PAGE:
Are you going to do it? Do you trust me?
No, and why should you? I am a biologist; I deal in genes, not stocks.
Given that, why did the New York Times let a couple of investment bankers, Mark Spitznagel and Nassim Nicholas Taleb of Universa Investments, print an opinion piece stating scientists don't understand GMOs?
The answer, in short, is that it s really hard to find a scientist who finds fault with GMOs so investment pundits and environmentalists are all that is left. In fact, there are more scientists that believe GMOs are safe than there are scientists who believe climate change is caused by humans. (Why GMOs are considered controversial and climate change is considered consensus scientific fact is a story for another day).
So what did these two investment experts have to say about biology? Nothing new and nothing even remotely relevant.
The authors' main premise is to liken GMOs to the 2007 financial collapse. Banks were too big to fail back then and now, according to the authors, so are GMOs.
To make their point they list 5 fallacies they claim brought down the financial system that they now see in GMOs.
1. Labeling anyone who dislikes GMOs as anti-science, because citing scientific consensus is not a valid argument. Except when it comes to climate change. They then remind the reader that snake oil was also once considered scientific.
My Response: Classically, they may be right. Scientific consensus has been overturned frequently in recorded history. However, most of those examples come from times when outside bodies of power (i.e. the Catholic Church) persecuted legitimate scientific thought. Furthermore, the openness of scientific research today legitimizes the phrase scientific consensus more than at any other time in human history.
2. It is wrong to conflate a GMO tomato with a naturally occurring tomato because nature built the ladder "from the bottom up."
My Response: First and foremost, there is no GMO tomato. Secondly, organic crops also have had their genomes extensively manipulated by humans. Techniques like mutagenesis, radiation, artificial selection and selective breeding are all staples of genetic manipulation allowed in organic farming.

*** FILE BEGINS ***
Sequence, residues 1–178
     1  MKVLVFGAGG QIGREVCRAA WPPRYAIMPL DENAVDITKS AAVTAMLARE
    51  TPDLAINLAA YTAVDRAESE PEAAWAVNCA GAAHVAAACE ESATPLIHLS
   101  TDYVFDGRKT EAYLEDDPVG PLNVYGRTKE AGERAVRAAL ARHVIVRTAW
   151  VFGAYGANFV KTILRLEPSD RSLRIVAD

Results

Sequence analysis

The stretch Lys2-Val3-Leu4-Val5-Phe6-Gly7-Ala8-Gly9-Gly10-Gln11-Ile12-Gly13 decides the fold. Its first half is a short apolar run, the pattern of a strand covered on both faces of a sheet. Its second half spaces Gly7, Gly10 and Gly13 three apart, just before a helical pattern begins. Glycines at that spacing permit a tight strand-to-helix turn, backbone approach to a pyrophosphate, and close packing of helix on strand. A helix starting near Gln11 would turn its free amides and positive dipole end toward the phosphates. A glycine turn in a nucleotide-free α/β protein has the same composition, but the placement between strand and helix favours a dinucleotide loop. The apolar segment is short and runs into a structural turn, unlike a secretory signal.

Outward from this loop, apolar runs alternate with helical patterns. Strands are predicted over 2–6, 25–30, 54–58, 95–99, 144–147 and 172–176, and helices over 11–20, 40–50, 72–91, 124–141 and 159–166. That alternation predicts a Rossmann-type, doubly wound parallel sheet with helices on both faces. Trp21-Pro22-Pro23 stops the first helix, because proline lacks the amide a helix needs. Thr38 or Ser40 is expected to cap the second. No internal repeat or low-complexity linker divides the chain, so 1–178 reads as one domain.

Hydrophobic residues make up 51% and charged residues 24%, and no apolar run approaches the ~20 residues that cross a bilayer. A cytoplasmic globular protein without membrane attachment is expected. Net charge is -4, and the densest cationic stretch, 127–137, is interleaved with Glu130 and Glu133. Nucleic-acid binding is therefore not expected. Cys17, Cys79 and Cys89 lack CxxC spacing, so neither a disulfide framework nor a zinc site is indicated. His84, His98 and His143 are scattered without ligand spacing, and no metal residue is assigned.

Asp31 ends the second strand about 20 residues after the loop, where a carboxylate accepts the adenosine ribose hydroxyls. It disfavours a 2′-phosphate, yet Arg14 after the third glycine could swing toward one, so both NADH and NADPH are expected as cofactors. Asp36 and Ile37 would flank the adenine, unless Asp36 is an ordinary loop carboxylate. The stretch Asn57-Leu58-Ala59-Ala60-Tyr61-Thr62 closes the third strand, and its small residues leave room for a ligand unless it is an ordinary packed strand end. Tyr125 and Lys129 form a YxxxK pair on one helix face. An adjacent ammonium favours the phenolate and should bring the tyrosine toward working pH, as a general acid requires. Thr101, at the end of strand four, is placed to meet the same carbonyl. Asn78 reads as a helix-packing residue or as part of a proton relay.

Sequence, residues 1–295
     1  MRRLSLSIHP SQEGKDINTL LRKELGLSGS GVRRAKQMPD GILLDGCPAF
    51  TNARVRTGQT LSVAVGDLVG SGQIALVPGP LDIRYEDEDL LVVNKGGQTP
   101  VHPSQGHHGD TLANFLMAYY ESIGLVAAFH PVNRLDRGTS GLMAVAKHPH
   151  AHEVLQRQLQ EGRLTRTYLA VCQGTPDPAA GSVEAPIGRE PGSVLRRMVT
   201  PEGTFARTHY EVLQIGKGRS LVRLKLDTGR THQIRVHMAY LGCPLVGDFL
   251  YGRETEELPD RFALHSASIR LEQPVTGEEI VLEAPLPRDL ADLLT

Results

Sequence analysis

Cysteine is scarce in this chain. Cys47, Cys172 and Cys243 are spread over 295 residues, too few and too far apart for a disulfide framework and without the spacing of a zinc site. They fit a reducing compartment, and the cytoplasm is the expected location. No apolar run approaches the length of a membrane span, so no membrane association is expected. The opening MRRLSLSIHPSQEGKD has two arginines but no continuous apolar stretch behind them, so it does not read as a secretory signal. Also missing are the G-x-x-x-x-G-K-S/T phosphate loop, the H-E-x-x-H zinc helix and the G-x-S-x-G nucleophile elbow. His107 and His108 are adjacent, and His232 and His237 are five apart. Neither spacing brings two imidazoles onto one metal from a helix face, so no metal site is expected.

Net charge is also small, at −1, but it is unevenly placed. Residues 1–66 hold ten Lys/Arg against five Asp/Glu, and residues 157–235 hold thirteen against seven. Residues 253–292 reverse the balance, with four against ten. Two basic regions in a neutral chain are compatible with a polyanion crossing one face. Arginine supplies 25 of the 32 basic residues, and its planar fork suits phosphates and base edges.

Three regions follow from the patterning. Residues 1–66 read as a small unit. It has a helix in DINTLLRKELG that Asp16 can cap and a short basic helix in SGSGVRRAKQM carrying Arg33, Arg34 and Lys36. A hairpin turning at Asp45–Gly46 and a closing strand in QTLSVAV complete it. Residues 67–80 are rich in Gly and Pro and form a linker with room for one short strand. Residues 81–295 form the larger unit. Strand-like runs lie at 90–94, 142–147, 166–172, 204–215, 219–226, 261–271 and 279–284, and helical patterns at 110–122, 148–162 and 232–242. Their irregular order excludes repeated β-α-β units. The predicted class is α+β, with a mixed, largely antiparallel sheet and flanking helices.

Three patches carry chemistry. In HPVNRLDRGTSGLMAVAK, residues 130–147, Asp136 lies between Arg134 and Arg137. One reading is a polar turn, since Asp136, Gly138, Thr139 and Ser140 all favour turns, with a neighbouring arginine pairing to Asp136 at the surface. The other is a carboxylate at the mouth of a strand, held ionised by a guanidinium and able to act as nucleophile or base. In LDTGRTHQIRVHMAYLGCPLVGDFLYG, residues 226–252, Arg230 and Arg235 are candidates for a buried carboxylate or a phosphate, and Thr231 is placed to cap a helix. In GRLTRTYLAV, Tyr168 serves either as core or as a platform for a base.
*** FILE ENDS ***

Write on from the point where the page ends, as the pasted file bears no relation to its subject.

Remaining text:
3. Technological salvation present in GMOs to save children with vitamin-enriched rice is likely to cause bigger problems because we do not know the causal chain in this complex system.
My Response: This is not a complex system that we risk exacerbating by treating. This is a simple problem: millions of children worldwide are afflicted with vitamin A deficiency. The cure? More vitamin A. Golden Rice does this in the same way oranges provide people with vitamin C to stave off scurvy or milk provides people with vitamin D to stave off rickets.
4. Dependence on monoculture will lead us to relive the Irish potato famine but on a planetary scale.
My Response: Monoculture, the practice of growing a single crop on a field, isn t a great practice. But guess what? Organic and non-GMOs are both grown this way too. If you have a problem with monoculture, you have a problem with farming in general. GMOs could have prevented the Irish potato famine, they won't duplicate it.
5. We can t use GMOs because they can lead to complex unpredictable changes of our ecosystem.
My Response: Grasping for straws? If so, just reword the precautionary principle, the same argument detractors of vaccines do. It is true that any crop that is wind pollinated risks crossbreeding with neighboring crops. But again, why is this a criticism of just GMOs? Organic crops that have their genomes manipulated (see chemical mutagenesis and ionizing radiation) also wind pollinate and therefore spread their unnatural seeds to neighboring GMO fields. Why aren t these organic crops vilified for spreading their seed where it isn t wanted?
In their closing, the authors claim humans are currently the subjects of a GMO experiment which they describe as the greatest case of human hubris ever." When researching their article, they must have missed the part where GMOs were thoroughly tested for over a decade before they were made available commercially and almost two thousand studies have verified their safety, but it appears they missed a lot when doing the research for this article.